I've received some comments from trail users upset about my mishap on Yankee Boy Basin, where I slid off the trail and left some tracks on the land. This was unintentional, and I certainly didn't want to disturb the area. It was a mistake.

For clarification, I'd like to note that the trail was open at the time this occurred, in mid-October 2018, and other vehicles — even hikers — were on the Yankee Boy Basin road while I was up there. A local offroad outfitter with an understanding of the terrain pointed me to this trail. Once I found myself in the predicament, there was no other way out. Colorado is a beautiful state and I'm sorry I did some damage there.


FARMINGTON, New Mexico – Looking for a Rubicon-testing trail in Colorado, I headed to Poughkeepsie Gulch in Ouray, on the Western Slope.

Even though Wyoming's my favorite state, Colorado wins for nonstop heart-stopping views in the lower 48. The drive from Fairplay wandered north through Breckenridge, then above the ski town to cross the snow-covered Boreas Pass. In the valleys on the other side, the trail cut through evergreens in the Rocky Mountain National Forest, cattle grazing lands, lonesome Western ranges, a 360-degree horizon of distant peaks. I also found frequent rock-filled puddles, so thanks again Spencer and MudBudz for coaching on how not to kill a vehicle in a mere eight inches of water.

Jeep Wrangler Rubicon

I shacked up in Montrose, waking up early to hit Poughkeepsie Gulch. The woman in Ouray's information center looked at me like I'd appeared from the 19th century as she informed me, "Poughkeepsie's closed! Everything's closed! Done until next year!" She told me there was a little trail above town, so I shuffled to the Jeep to see what I could see. The little trail lead to Box Canyon Falls, but once on Camp Bird Road, I skipped the falls and kept climbing the mountainside, to Yankee Boy Basin.

A thread of wet, rocky dirt ascended the hillside between Gilpin Peak and Teakettle Mountain, headed for Blue Lake Pass. Snow piled the higher I went. I passed a sign warning that only those with high-clearance 4WD should continue. I scoffed. I hit a switchback a half mile beyond the sign, the snow getting deeper. Then another switchback, after which the road got steeper and the snow got deeper again. I got out and walked. Someone had tried to come through recently, getting perhaps 50 yards up. I decided that if I couldn't make it to Blue Lake Pass, I was going to get further than the people who'd come before me. My first stupid move. I could barely move without sliding down the hill. If I'd stopped to listen after conjuring that brainstorm, I could have heard the trail whisper, "You're SO dumb."

Jeep Wrangler Rubicon

I pointed the Wrangler up the hill and went for it. I didn't get far. I backed up, gunned it again. I got a little further. I backed all the way to the corner and gunned it harder. I made it to just about where the previous vehicle's tracks ended. Fifteen feet of gravel marked the edge of the trail where I'd stopped. I decided to put the Wrangler's left-side wheels on the gravel, lock both axles, and heave-ho. This time I got further than the other tracks, by a couple of feet, then the Wrangler bogged. I'd won. But I knew I'd get no further, so I put the Wrangler in reverse to back down the hill.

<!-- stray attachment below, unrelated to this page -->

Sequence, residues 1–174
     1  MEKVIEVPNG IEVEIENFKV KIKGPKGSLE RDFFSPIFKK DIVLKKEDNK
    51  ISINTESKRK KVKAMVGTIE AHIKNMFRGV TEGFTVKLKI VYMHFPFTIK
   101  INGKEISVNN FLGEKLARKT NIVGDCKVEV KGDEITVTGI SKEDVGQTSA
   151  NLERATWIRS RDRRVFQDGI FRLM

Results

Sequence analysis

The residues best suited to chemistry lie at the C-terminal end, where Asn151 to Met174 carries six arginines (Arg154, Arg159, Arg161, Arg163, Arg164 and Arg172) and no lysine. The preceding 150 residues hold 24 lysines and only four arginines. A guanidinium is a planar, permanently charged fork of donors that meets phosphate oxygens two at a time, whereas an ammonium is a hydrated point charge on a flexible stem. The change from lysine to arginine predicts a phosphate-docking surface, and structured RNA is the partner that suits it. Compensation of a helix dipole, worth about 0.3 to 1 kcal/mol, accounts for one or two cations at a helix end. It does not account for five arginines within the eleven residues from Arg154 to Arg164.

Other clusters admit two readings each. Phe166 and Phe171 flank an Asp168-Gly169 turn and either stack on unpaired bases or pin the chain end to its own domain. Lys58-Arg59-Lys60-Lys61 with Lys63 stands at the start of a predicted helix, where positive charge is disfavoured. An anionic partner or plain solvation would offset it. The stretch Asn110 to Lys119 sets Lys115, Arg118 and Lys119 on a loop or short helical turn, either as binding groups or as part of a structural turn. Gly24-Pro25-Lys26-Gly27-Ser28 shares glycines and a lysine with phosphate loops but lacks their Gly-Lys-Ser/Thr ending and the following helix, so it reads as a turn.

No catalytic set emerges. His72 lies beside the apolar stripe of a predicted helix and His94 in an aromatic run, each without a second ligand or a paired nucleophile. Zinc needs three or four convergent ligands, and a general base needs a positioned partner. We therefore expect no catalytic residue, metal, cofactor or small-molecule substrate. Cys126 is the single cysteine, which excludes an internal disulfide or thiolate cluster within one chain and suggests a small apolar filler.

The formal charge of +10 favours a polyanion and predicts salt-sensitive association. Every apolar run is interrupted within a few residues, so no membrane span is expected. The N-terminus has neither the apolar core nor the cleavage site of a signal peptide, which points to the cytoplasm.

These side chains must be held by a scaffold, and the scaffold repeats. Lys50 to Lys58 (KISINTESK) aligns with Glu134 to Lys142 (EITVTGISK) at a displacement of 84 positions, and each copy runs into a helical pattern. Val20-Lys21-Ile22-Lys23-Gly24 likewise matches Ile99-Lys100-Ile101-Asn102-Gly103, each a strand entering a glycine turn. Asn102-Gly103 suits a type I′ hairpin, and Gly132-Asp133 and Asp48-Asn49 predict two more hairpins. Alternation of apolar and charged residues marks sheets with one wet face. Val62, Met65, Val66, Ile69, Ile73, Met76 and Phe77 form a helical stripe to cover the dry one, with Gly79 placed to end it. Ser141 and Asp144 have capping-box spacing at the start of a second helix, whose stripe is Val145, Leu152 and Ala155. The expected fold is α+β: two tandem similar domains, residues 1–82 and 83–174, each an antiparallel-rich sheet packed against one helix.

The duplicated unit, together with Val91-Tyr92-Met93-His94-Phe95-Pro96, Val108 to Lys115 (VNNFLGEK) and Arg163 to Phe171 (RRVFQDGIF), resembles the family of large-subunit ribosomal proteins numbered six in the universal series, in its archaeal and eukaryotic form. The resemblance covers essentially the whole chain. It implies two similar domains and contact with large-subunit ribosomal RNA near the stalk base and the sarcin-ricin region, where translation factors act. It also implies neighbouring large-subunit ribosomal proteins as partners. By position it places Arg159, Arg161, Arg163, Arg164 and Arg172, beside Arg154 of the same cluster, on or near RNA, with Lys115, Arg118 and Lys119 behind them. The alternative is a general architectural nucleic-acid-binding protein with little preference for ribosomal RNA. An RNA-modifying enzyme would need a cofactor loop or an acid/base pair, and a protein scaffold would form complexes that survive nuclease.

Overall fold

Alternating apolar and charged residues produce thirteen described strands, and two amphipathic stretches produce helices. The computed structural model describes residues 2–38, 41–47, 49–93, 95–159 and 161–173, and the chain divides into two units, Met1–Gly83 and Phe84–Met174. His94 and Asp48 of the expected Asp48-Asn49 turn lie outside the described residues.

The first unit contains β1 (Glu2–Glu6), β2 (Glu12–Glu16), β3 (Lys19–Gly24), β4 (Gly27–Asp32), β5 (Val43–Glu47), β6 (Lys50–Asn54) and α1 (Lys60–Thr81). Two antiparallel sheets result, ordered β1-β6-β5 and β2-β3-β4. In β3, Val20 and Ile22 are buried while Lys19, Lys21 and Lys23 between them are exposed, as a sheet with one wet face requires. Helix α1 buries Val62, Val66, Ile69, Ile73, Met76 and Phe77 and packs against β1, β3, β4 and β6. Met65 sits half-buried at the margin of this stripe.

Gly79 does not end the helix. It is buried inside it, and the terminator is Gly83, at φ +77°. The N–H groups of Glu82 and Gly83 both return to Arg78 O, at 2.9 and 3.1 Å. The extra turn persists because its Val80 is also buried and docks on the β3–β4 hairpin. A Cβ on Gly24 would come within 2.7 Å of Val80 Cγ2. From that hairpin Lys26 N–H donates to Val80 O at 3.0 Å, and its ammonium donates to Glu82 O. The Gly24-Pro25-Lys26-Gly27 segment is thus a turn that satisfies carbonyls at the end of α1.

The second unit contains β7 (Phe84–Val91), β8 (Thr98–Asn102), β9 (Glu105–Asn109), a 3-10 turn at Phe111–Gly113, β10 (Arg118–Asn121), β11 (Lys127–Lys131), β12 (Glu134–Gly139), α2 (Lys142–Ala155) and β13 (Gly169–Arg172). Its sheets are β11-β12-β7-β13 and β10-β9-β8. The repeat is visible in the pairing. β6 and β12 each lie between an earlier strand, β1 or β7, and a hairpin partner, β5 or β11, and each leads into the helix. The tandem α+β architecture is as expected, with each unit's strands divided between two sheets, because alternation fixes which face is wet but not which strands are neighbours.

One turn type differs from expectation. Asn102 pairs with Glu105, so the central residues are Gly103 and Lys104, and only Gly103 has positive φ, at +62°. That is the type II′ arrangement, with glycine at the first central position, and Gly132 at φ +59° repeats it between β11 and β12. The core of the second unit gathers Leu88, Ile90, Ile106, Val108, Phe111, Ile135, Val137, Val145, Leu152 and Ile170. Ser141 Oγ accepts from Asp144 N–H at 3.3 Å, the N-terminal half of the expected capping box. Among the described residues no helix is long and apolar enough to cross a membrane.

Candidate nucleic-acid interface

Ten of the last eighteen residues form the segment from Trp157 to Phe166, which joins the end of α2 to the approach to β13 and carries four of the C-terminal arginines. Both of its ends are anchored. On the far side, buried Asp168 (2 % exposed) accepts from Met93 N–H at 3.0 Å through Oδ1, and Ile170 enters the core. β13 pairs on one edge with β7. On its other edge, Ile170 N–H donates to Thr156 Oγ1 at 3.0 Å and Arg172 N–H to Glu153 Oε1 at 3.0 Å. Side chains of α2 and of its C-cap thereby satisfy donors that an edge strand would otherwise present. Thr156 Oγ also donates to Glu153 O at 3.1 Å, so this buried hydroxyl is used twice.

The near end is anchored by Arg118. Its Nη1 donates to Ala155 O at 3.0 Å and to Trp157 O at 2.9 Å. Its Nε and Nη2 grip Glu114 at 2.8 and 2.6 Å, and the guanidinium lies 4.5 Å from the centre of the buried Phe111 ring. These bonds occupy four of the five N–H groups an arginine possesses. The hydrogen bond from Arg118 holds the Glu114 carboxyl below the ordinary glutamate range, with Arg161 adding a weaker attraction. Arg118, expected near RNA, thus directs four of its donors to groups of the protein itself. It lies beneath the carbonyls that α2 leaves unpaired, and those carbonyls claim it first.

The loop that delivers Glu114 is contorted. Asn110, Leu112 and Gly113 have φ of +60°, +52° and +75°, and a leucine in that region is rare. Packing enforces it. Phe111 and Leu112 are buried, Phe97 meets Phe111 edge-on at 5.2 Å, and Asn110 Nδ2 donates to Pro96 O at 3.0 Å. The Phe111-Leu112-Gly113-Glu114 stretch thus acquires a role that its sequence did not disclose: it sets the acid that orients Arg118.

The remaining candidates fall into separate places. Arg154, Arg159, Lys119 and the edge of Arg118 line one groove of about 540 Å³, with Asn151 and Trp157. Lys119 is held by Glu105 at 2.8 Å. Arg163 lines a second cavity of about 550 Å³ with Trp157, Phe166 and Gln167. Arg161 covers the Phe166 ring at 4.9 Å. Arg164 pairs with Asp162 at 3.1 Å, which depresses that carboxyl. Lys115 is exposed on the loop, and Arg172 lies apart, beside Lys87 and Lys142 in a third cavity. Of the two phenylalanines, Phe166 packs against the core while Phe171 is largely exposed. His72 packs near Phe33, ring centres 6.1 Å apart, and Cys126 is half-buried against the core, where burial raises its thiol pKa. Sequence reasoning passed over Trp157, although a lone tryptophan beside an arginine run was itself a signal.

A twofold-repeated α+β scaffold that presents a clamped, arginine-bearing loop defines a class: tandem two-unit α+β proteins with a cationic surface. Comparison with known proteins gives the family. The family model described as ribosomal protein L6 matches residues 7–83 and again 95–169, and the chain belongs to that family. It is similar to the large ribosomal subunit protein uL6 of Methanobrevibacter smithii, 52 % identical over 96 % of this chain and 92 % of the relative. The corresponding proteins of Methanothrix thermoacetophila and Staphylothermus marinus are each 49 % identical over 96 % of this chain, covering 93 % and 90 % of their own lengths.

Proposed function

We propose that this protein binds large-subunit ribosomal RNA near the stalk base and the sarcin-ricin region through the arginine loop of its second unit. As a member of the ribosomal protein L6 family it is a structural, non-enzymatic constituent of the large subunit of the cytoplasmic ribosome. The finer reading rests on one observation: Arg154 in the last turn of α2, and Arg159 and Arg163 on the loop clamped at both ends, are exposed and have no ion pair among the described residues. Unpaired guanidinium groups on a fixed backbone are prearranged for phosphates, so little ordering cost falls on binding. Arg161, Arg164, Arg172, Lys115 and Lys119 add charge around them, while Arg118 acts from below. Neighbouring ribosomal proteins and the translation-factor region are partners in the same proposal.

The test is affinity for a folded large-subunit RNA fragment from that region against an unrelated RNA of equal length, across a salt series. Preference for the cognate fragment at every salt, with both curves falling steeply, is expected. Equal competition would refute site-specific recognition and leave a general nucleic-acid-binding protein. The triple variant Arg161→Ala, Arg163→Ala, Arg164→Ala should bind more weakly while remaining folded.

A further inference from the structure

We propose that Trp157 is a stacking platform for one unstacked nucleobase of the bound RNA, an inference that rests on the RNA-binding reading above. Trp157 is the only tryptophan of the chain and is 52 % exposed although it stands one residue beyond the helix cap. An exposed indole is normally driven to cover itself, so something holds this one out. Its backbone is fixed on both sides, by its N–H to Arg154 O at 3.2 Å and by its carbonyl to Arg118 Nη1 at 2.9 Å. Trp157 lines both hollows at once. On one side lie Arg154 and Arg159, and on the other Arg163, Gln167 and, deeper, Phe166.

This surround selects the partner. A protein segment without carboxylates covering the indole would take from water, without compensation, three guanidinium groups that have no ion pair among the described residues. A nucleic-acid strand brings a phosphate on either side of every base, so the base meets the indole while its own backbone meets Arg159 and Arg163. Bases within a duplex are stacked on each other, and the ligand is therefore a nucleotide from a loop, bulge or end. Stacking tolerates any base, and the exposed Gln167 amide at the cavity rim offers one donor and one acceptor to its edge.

My throttle-heavy attempt had dug a trench in the gravel down to the dirt. The rear left wheel took the path of least resistance, over the lip of the trail and down the slope. I put the Wrangler in Drive and got nothing but wheelspin. I backed up a foot. The Jeep slid two feet further over the trail edge. I crept backward into the snow on the slope, hoping I could turn or accelerate myself into a course correction. That didn't work. The Wrangler slid so far over that I had to go with the momentum or else I'd make the situation worse. The whole rig slid down the slope, stopping about halfway between the upper and lower switchbacks, stuck up against a berm of mud and snow.

Jeep Wrangler Rubicon

Well. This wasn't ideal. I'd read on a Wrangler forum that you could tilt a stock Jeep up to 40 degrees before rolling over. That was before the Rubicon got put on 33s, and before I'd put 800 pounds of lightly secured gear in the back of mine, though. I sat supposedly 10 degrees away from that anecdotal bright line, and didn't feel like I had a 25 percent margin. I waited in the driver's seat for a few minutes, looking at the mountains, thinking. It would have been a gorgeous place to eat it. Not once did I think about how I'd explain a rollover to Jeep — and that was assuming I lived. I was worried about how I'd explain it to Nena Barlowe, who I had assured on numerous occasions that I had nothing to prove and wouldn't do anything stupid. Except climb 12,000 feet up a mountain, alone, in 30-degree weather, on a 30-degree slope, nary a winch point anywhere, and start issuing dares to myself.

I still couldn't go forward. Every time I tried, since I was facing a steeper portion of slope, the weightier back end slid downhill ahead of the front. Because the slope got shallower behind me, where the switchbacks met, I could reverse – really slowly – and manage the back-end slide. I pulled away from the snow berm and backed up with just enough throttle to get the rear pointed a few degrees up the hill. Then I crept forward with just enough throttle to get the front steered into the slide, and turned a few degrees further down the slope to get the nose ahead of the rear. I repeated that two-step until I'd sawed my way into pointing downhill.

I made it to the switchback below. Alive. And slightly less dumb. But only slightly.

Jeep Wrangler Unlimited Information

Jeep Wrangler Unlimited